Dietary choices can help protect our vision as we age.
The food we eat is closely linked to our whole body’s wellness. Our dietary choices add up over the course of a lifetime into long-term health outcomes, and eye health is no exception. There are a number of diseases and conditions that can affect our eyes, especially as we age: from poor night vision and a loss of visual acuity, to more serious issues like cataracts and age-related macular degeneration.
Multiple studies have connected many of these aging-related eye conditions to our diets. Current science suggests that a wide array of vitamins and minerals contribute to eye health, and fortunately, these nutrients are available in many readily-accessible foods. Even better, an eye-healthy diet can have benefits for your whole body, too.
It’s important to remember that dietary changes aren’t a substitute for comprehensive medical care—the kind that Heritage helps connect its members with—and that any diet plans should be undertaken in consultation with your doctor. But thoughtful dietary choices can help you lay a strong foundation for the future health of your eyes. We’ve collected a list of seven essential eye-healthy nutrients from various food sources that you can incorporate into your meals to protect and support your vision in the long term.
1. Vitamin A: sweet potatoes and carrots.
Growing up, you may have heard that carrots were good for your vision. That’s because they’re an important source of vitamin A. Your retina—the membrane at the back of your eye that detects light and transmits it to your brain—needs vitamin A to do its job well, and a lack of this essential vitamin can result in poor night vision, poor visual acuity in general, and an increased risk of cataracts. But carrots aren’t the only good source of vitamin A—sweet potatoes are bursting with it, too.
2. Zinc: beans and black-eyed peas.
All that vitamin A needs some help getting from your liver to your retina, and that’s where zinc comes in. Zinc makes vitamin A more available for your body to use, as well as helping to prevent cloudy cataracts. Several types of beans—black-eyed peas, kidney beans, and lima beans especially—are high in zinc, so if you celebrate the New Year with a pot of black-eyed peas, you can celebrate ocular health, too.
3. Vitamin C: citrus fruits, strawberries, peaches, and tomatoes.
Citrus fruits like oranges, lemons, and limes are an excellent source of vitamin C, as are lots of other colorful fruits like strawberries, peaches, and tomatoes. Vitamin C is an antioxidant, a type of nutrient which helps reduce cellular damage from free radicals—theorized to be a key factor in aging. The vitamin C in these fruits can help slow or prevent the progress of age-related vision conditions, like macular degeneration and cataracts.
4. Vitamin E: avocados, nuts, and seeds.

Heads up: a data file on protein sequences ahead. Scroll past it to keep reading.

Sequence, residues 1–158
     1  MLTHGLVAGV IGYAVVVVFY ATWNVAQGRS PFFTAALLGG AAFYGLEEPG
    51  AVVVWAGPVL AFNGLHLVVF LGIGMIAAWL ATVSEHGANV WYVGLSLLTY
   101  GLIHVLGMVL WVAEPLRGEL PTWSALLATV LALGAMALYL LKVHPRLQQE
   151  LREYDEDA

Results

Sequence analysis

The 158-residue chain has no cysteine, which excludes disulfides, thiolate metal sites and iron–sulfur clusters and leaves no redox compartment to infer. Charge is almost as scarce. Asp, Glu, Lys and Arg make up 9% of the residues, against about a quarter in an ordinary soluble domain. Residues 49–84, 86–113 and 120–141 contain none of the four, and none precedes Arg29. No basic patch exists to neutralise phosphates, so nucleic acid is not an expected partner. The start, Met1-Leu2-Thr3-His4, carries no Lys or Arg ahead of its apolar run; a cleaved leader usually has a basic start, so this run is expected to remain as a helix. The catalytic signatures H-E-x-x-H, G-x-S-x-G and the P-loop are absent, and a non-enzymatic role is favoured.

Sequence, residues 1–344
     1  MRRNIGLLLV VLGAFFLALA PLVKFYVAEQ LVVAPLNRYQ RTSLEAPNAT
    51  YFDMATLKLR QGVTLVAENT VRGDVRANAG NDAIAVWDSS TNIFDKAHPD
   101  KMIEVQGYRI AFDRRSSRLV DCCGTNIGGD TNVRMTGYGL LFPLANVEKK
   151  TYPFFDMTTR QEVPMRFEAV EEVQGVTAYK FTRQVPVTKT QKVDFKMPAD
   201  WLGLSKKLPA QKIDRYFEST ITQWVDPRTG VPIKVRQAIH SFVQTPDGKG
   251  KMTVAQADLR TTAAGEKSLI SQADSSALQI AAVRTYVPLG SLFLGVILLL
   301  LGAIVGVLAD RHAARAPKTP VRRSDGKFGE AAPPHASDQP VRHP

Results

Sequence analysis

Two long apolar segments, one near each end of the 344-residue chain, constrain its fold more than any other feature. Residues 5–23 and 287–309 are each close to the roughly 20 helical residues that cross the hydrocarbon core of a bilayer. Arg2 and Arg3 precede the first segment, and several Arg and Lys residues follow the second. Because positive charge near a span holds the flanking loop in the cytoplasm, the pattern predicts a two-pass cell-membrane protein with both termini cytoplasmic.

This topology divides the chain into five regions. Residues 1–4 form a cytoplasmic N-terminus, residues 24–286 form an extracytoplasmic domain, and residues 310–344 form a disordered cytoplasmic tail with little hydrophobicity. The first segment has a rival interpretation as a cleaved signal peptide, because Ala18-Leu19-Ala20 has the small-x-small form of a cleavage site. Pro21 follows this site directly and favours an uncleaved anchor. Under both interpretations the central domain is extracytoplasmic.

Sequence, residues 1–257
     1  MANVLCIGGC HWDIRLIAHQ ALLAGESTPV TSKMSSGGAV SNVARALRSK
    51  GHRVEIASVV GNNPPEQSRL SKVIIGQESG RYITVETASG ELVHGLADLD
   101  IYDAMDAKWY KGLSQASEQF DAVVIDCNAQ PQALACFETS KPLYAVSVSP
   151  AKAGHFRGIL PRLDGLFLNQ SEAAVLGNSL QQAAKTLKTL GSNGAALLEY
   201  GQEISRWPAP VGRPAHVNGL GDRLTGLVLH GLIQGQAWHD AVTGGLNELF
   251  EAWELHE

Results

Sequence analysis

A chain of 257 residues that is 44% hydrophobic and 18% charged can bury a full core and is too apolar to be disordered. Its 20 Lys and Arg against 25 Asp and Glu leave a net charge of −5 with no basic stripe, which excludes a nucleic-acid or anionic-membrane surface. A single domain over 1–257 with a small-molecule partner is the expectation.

Vitamin E is another important antioxidant, similar to vitamin C and with many of the same health benefits. Avocados are a good source of vitamin E, as well as nuts and seeds, like almonds and sunflower seeds.
5. Selenium: whole grains.
Whole-grain breads, cereals, and pasta are good sources of selenium, which is yet another antioxidant and is also associated with a reduced risk of cataracts. Selenium is also in animal proteins, like red meat and eggs, but the cholesterol in these means it’s a good idea to consume them in moderation.
6. Lutein and zeaxanthin: green, leafy vegetables.
Kale has developed a reputation as a health food, and with good reason. But if kale isn’t your favorite, you can also opt for spinach or Swiss chard, as long as it’s a dark green, leafy vegetable. These types of veggies are high in lutein and zeaxanthin, part of the carotenoid family of nutrients. Studies suggest that these retina-healthy nutrients help to prevent age-related macular degeneration, particularly in combination with the other nutrients on this list—vitamins A, C, and E, zinc, copper, and selenium.
7. Omega-3 and omega-6 fatty acids: cold-water fish.
Healthy oils, like olive oil, and fatty acids are also key for eye health. In particular, omega-3 and omega-6 fatty acids support the lubrication of your corneas and prevent dry eye, which can be both irritating and damaging. The best source for these fatty acids are cold-water fish, like salmon, halibut, tuna, or trout.
For ocular health, look to a Mediterranean diet.
A few thoughtful dietary choices can pay dividends for your overall health, and for the health of your eyes in particular. Many of the foods listed here fall under the umbrella of the Mediterranean diet, based on foods traditionally consumed in communities around the Mediterranean sea. This style of eating centers around seafood, leafy greens, colorful fruit, nuts, and whole grains, and if you’re looking for some general guidelines for eye-healthy foods, the Mediterranean diet is a good—and delicious—bet.
While a varied, nutritious diet lays a strong foundation for your health and wellness, it doesn’t replace your regular eye exam. As a Heritage member, your benefits include access to our provider network, with practitioners that can advise you on your eye health and the impact of your dietary choices on it. We encourage you to take advantage of the benefits you’re entitled to, and develop a strong partnership with your vision care provider for lifelong eye health.